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In this issue:
Where have all the teachers gone?
There is little doubt that teachers are one of the most important factors contributing to the success of the students in our schools. They are the front line of our educational system and carry the burden of delivering the educational program developed by administrators and legislators from the central office up to the White House. Yet districts in Pennsylvania and across the nation are facing a shortage of qualified teachers, resulting in classrooms covered by an aide or administrator, or students marking time in an auditorium or library, all adding up to the loss of valuable instructional time.
Since 2010, Pennsylvania has seen a 58% decrease in the number of teaching certificates issued, and a 42% decrease in the number of emergency certifications. The drop in the number of certificates can be traced back to the drop in enrollment in teaching programs; last year there were 38% fewer teaching graduates than in the year 2000. This impacts staffing in two ways. First, there are fewer new teachers starting out as substitutes. Secondly, there are fewer teachers overall, particularly for math, science, foreign language and special education.
Why fewer high school students are choosing teaching for a profession is difficult to quantify, but has been attributed in some reviews to a negative public opinion about teachers, budget cuts and the increase in the amount and importance of standardized testing. Salary is also an issue, particularly in the fields of math and science, where students can anticipate significantly higher earnings by working directly in those fields than by teaching math or science.
Regardless of the reasons, school districts are beginning to take steps to address the issue. A common solution is to use the services of a substitute teacher service like Source 4 Teachers or Substitute Teachers Service.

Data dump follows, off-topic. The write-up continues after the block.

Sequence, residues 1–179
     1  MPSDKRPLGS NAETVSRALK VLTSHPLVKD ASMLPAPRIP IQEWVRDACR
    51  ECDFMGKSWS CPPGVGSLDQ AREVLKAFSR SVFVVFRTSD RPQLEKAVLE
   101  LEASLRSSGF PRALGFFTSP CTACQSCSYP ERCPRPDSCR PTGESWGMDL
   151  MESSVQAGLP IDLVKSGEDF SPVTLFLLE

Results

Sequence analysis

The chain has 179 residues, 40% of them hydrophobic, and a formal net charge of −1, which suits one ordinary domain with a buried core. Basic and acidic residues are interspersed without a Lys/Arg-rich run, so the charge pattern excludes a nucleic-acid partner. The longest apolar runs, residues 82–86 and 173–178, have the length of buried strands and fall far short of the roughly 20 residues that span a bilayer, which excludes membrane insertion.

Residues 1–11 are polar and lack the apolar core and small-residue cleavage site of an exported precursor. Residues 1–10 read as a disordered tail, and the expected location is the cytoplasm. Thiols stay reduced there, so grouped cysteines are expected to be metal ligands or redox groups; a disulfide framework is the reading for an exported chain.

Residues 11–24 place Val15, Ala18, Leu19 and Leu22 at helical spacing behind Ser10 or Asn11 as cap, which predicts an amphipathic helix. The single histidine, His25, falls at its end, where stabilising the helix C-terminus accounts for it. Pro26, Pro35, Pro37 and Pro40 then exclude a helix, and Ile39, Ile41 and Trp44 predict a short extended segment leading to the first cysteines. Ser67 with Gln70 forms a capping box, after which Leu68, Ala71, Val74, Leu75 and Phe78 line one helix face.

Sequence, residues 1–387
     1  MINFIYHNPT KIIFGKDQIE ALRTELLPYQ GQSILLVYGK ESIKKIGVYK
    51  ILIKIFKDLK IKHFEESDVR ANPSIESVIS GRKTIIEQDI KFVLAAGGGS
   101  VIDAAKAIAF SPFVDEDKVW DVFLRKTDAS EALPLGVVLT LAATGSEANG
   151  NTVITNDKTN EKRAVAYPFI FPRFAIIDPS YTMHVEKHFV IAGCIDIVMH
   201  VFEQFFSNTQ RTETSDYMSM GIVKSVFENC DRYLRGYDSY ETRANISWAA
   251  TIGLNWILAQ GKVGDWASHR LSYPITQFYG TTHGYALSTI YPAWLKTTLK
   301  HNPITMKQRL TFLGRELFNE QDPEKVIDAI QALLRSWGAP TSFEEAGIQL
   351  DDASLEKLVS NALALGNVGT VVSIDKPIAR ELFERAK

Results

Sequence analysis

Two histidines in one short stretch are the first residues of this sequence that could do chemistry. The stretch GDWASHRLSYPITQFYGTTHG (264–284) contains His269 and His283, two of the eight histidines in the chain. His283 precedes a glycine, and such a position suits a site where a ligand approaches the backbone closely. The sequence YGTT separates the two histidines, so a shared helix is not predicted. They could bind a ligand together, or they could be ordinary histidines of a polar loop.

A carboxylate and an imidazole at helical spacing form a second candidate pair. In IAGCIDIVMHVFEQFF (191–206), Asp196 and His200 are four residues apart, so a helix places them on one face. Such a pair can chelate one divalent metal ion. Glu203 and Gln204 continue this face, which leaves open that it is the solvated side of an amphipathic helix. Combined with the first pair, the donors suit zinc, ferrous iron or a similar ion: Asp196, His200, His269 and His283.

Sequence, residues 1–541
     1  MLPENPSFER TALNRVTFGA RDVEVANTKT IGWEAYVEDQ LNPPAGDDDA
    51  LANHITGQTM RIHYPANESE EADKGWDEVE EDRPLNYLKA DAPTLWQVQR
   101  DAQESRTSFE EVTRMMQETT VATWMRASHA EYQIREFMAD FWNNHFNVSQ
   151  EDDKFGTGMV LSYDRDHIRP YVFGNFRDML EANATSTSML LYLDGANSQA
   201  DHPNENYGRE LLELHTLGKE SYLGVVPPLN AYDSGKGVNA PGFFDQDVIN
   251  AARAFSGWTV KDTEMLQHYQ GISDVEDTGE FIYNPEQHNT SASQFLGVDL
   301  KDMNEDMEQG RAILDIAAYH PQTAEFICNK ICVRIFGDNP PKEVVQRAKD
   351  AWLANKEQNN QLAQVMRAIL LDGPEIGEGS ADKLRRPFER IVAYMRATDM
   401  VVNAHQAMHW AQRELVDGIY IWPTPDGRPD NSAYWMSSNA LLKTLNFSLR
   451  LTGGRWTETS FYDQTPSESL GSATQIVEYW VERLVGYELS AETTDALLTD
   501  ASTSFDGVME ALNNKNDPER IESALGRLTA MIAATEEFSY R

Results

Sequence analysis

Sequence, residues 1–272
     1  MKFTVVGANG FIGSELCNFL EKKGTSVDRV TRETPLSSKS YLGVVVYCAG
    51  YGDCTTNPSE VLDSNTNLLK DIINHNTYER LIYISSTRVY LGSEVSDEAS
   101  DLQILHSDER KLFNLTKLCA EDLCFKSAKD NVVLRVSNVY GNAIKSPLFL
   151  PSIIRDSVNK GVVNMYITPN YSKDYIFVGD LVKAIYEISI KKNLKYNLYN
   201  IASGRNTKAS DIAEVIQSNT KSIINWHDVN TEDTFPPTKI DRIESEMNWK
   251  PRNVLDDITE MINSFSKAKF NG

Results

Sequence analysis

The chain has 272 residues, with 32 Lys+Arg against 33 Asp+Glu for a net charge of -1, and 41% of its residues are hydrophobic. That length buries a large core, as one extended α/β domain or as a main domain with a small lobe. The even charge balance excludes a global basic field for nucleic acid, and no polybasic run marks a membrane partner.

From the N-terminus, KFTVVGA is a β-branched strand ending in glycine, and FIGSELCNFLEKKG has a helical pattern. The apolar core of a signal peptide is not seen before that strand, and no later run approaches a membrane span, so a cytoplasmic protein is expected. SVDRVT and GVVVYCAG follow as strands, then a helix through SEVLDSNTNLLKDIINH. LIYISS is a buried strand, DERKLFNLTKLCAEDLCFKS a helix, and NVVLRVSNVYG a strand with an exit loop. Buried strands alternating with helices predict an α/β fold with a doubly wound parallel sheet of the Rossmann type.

“We have definitely seen in an increase in outsourcing in the past few years,” said Jay Godwin of Substitute Teachers Service. “The triple threat of PSERS increases, health care increases and the shortage of teachers has made staffing much more difficult.”
“We spend a great deal of time, effort and resources on nonstop recruiting,” said Owen Murphy of Source4Teachers. “We have regional teams in place who spend a lot of time out in the community. Whether it’s involvement with churches or attending local high school football games, our employees in the field are engaging new people regularly. We also are very engaged with those we hire to ensure we understand their interests and intentions. This helps us to place people in the types of roles that best suit them so they can feel comfortable and excel in the classroom.”
Substitute Teachers Service also works to make new subs successful. It partnered with Lancaster-Lebanon Intermediate Unit 13 (IU) to develop a guest teacher program for potential subs who have a four-year college degree in an area other than education. Like many districts, the IU offers training sessions for substitute teachers. For the guest teacher program, the IU created a video of the training session. Potential subs can view the training online when it is convenient for their schedule.
“We have trained and processed over 500 guest teachers through this program,” Godwin said. “The participants tell us they feel much more ready to handle a classroom than before the online training, and the flexibility of the online training allows us to reach more candidates.”
Some districts are tackling the teacher shortage on their own.